So, have any of you talked with a hedge fund or VC lately? We've had discussions with members of each of your fields in the past year.



From: Ned Sullivan
To: Radha Kuppalli; Ascheim, Tom; Chris Wolf
Subject: Re: Yale SOM article
Sent: Thursday, January 18, 2007

Thanks for the opportunity to participate in this fascinating discussion. I found the questions and the responses of Radha and Chris very thought-provoking.

I would like to start by going back to the basic question regarding management as a distinct profession. I believe it is indeed a profession and deserves greater attention and focused coursework at SOM, relative to what was available in my time there (Class of '82). While igb [Individual and Group Behavior] and other organizational courses were excellent, I cannot remember offerings on the fundamentals of management, which I would describe as the nuts and bolts skills and techniques required to manage staff from strategic planning to individual performance planning and evaluation. To elaborate, the training that was available to enable SOM grads to lead, inspire, and manage their teams to achieve their organizations' top priority outcomes was very limited. While I believe SOM was stronger on this front than many other business schools, the analogy of law school grads who graduated from law school not knowing how to practice law (or manage firms) comes to mind.

Scenic Hudson is an organization of 50 full-time staff people, with an operating budget of $5 million and a roughly equivalent capital budget (used primarily to buy land and create parks). We have more than doubled in size and budget during my seven-year tenure, requiring us to grapple with many tough classic managerial issues—organizational design and redesign, guiding environmental and real estate experts into being effective managers, selection of health care options, staff-board relations, fundraising, marketing, membership, and many more. SOM, during my time, provided an outstanding intellectual framework for work in all sectors. My own career path has closely tracked the vision articulated in the SOM catalog (and demonstrated by his luminous history) by founder Bill Donaldson, since I have worked as a managing director of a bank, a state environmental commissioner, and nonprofit CEO. But I would say the managerial skills and experiences I bring to bear in my current job are those I have learned over 25 years of professional experience, rather than fundamentals I learned at SOM (or the Forestry School, from which I received a joint degree). I believe the management school could do more to provide important basic training in organization and personnel management and that stronger identification of management as a profession would be supportive of this concept.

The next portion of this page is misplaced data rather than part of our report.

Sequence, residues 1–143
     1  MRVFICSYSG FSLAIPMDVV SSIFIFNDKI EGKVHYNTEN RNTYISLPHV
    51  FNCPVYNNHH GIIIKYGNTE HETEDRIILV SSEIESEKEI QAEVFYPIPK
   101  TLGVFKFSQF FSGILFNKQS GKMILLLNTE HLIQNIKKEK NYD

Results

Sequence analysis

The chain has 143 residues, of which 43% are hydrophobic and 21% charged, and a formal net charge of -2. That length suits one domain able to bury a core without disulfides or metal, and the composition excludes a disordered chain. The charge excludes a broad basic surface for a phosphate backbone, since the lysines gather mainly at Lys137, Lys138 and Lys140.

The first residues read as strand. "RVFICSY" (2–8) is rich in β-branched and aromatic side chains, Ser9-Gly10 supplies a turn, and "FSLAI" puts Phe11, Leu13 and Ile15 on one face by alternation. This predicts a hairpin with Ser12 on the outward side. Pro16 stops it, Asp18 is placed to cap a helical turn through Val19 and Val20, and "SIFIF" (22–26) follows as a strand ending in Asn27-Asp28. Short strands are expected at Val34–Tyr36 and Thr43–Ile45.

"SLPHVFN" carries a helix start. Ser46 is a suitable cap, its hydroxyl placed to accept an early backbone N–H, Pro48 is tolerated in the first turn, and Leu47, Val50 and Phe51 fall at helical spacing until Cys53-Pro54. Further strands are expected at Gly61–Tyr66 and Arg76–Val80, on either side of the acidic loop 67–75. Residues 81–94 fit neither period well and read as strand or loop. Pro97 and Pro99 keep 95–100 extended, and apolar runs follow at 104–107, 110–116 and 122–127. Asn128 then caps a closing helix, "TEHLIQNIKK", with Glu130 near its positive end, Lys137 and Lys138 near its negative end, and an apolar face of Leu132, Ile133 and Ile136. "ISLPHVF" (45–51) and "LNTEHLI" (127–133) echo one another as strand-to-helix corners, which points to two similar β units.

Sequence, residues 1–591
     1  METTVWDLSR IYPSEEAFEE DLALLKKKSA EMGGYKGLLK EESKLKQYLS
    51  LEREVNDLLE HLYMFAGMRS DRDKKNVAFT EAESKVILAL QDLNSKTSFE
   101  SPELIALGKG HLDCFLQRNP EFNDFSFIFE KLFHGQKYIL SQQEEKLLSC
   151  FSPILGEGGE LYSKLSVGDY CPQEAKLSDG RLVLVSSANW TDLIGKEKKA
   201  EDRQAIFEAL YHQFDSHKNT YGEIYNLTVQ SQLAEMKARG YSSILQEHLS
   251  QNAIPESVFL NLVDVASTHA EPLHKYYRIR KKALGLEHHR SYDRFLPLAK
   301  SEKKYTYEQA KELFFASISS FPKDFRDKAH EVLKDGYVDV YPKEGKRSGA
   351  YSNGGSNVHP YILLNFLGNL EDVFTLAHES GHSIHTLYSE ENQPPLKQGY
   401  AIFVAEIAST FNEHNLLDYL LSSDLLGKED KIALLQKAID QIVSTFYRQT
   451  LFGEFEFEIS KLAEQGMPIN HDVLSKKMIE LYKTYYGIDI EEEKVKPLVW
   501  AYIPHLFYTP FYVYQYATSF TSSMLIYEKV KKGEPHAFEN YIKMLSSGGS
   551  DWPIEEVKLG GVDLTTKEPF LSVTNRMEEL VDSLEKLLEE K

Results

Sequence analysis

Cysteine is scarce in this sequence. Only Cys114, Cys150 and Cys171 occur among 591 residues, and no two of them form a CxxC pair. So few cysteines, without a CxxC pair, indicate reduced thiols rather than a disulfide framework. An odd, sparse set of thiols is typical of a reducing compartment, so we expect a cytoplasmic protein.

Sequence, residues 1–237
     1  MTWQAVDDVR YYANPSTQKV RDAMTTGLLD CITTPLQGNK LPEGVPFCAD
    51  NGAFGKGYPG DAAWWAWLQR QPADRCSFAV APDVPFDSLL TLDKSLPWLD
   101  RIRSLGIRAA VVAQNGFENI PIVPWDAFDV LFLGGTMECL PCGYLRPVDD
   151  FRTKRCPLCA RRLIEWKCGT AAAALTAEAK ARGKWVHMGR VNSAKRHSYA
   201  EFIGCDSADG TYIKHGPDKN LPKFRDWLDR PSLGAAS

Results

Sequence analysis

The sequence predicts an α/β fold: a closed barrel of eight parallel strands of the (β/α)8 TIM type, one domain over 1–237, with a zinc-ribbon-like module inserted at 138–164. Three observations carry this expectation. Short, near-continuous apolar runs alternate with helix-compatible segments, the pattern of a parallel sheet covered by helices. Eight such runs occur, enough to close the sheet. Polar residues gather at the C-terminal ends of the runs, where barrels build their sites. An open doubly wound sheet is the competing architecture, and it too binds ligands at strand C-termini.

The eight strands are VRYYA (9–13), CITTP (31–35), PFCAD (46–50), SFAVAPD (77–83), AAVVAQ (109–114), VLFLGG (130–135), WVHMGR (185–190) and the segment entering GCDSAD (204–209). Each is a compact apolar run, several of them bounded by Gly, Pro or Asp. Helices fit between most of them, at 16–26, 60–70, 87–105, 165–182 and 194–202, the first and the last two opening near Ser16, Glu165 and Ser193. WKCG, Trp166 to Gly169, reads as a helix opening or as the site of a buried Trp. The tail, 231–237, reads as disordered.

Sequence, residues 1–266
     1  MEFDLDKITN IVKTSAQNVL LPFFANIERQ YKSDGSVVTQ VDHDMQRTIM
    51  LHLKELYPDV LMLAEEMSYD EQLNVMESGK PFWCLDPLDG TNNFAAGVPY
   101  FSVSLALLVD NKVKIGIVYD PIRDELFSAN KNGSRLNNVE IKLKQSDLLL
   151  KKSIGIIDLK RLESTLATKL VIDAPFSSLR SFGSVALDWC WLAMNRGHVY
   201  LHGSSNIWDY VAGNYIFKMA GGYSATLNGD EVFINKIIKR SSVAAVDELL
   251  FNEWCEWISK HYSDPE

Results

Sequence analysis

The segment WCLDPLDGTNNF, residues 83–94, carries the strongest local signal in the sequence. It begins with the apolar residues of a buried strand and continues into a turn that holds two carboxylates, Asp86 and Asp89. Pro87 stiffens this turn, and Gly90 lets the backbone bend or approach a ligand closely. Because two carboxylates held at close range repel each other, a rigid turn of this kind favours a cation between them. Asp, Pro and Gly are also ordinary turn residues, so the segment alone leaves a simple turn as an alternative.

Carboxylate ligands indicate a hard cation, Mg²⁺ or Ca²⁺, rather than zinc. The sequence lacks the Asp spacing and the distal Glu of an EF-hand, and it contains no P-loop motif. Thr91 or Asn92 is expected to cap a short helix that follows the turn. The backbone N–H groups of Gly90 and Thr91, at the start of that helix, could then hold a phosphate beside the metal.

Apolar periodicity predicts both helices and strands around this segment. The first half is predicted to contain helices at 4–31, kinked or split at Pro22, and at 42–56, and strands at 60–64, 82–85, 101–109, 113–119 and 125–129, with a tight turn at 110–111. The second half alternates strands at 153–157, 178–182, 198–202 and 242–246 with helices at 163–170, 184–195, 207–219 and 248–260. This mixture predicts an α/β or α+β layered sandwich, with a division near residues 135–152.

In response to Radha's question about balancing environmental with economic interests, we live this issue day in and day out. In particular, we are in a budget shake-down period for our green design hotel/conference center on the Beacon waterfront. In the negotiations with our private-sector partners, our role is to ensure that our mission-based green-design features are retained as the project capital costs are trimmed to fit within the financing.

We also face this debate in our advocacy for "smart growth" models of waterfront development along the Hudson. As we push for development that respects the natural resources of the land and focuses non-automobile-dependent development in city and village centers, our most effective arguments are often economic and fiscal. Many public officials believe that traditional (sprawling) residential or big box development will boost their tax rolls, while often the incremental cost of municipal services equals or exceeds new revenues generated by housing. We often have to present analyses that demonstrate this to win the arguments about the kind of sustaining development we are pushing.

In another context, when I was commissioner of the Maine Department of Environmental Protection, my role entailed helping attract businesses to the state in addition to my regulatory role. In some of the best cases, the agency was able to expedite permit approval and the very viability of new enterprises when the permit applicant was willing to use state-of-the-art pollution control/prevention technologies.